Color drenching - where you paint the walls the same color as the ceiling and trims - is an effective paint trick for small rooms, which blurs lines and opens up the space.

4. Consider furniture scale and placement

A living room corner

(Image credit: John Merkl. Studio credit K Interiors)

Just because you have a small room doesn't mean you can't have large furniture pieces - in some cases, in fact, this can help lend a sense of grandeur to the space. 

However, it's important not to overwhelm a space with too many large pieces, and it really pays to think about your layout, too.

'The furniture you choose affects the visual size of a room depending on the scale of each piece,' says Linda Hayslett of LH.Designs. 'For example, a sectional is a larger sofa so can make a small living room feel more 'closed in' at times, as opposed to having two separate sofas facing one another because it feels more open and can offer a better small living room layout idea.

'Depending on what your needs are, making sure of size and function will be important to having an impact in a living room.'

Playing around with small room layouts can be all it takes to open up the space. Victoria Holly says: 'Sometimes, simply rearranging your existing furniture can give your room a fresh, contemporary feel. Experiment with different layouts to see what works best.'

'Avoid having dark or large furnishings, extra large bed frames, and too many patterns or wall decor in a small room as it will make it appear even smaller and cluttered,' Lauren Lerner adds.

5. Utilize 'double-duty' pieces and vertical space

A small bedroom with a built-in wardrobe

(Image credit: Mary Wadsworth)

'To optimize space in a small room, consider adding furniture with multiple uses, along with vertical furniture,' suggests Lauren Lerner.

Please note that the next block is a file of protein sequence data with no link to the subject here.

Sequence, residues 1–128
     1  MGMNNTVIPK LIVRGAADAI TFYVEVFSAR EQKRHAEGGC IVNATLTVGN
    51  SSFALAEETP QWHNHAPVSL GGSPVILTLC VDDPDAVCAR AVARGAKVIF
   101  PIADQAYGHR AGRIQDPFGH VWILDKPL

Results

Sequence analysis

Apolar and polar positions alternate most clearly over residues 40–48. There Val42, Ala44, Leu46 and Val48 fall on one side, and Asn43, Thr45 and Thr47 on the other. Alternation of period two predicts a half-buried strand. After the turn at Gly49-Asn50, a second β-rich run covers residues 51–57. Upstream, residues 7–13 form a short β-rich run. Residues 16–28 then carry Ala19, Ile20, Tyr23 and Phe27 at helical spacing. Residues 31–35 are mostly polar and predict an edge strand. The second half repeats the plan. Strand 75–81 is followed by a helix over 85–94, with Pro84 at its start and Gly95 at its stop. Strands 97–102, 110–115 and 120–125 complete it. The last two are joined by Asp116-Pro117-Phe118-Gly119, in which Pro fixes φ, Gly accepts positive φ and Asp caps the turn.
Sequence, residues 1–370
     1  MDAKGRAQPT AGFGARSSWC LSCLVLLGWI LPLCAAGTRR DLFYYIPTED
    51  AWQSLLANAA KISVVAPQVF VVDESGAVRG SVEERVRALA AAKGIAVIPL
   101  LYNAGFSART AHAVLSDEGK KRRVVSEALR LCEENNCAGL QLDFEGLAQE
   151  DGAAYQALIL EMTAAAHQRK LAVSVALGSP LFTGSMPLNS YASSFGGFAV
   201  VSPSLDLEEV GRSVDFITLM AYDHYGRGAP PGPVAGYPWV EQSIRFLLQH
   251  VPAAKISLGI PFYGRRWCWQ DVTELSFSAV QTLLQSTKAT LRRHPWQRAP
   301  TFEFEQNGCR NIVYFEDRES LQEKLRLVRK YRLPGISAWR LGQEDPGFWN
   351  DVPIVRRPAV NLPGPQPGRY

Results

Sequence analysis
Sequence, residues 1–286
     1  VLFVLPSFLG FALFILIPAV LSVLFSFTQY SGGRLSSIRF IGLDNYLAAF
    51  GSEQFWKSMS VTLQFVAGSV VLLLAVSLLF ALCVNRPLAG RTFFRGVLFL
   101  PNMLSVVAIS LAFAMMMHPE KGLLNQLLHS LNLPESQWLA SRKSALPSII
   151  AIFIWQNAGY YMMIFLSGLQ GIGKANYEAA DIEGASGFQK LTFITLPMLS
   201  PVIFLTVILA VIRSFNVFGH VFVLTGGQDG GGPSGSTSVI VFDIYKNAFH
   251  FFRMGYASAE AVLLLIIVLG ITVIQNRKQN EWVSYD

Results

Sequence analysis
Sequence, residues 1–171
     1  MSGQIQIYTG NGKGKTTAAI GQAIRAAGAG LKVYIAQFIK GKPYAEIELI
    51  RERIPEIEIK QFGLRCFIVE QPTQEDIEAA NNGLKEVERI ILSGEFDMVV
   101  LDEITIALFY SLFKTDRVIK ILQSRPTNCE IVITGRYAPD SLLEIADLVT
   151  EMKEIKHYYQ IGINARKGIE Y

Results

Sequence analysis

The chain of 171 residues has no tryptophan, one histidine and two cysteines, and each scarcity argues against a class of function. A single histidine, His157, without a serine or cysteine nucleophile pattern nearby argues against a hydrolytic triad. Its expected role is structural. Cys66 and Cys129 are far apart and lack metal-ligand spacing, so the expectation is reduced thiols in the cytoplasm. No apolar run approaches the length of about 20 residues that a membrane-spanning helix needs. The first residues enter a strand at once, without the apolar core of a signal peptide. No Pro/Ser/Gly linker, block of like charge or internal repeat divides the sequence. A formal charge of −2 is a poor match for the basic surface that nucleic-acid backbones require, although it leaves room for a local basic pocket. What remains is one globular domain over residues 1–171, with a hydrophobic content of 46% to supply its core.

'This clever approach not only maximizes functionality but also adds aesthetic appeal to the room. Also, do your best to keep it simple. If you can get away with only having one nightstand instead of two, go for it.'

Investing in pieces with hidden storage is always a good idea, helping to keep that clutter at bay and keep a tidy, open space.

'Invest in furniture that serves more than one purpose,' agrees Victoria Holly. 'For example, a bed with built-in storage drawers, a fold-out desk, or a sofa bed can help you save space in a small bedroom and make the room more functional without the need for additional items.'

'Additionally, vertical wood slats on the walls or tall, slim furniture can create an illusion of height, making the room feel more spacious.'

6. Keep window treatments light and practical

small bedroom with woven shades and drapes by Marie Flanigan Interiors

(Image credit: Marie Flanigan Interiors)

In a small space, natural light is key, so when choosing window treatments for small rooms it's important to consider an option that will allow light to filter through at the same time as maintaining privacy.

This will help to stop a small room feeling claustrophobic and create an inviting, warm space to retreat to and relax in.

Go-to options that blend form and function for small rooms include Roman blinds, woven shades, sheer drapes, and a combination of both, as seen above in the bedroom by Marie Flanigan Interiors.

Things to avoid? Heavy curtains that 'puddle' on the floor can create a feeling of overwhelming the room and take up precious floor space.

Ruth Doherty is a lifestyle journalist based in London. An experienced freelance digital writer and editor, she is known for covering everything from travel and interiors to fashion and beauty. She regularly contributes to Livingetc, Ideal Home and Homes & Gardens, as well as titles like Prima and Red. Outside of work, her biggest loves are endless cups of tea, almond croissants, shopping for clothes she doesn’t need, and booking holidays she does.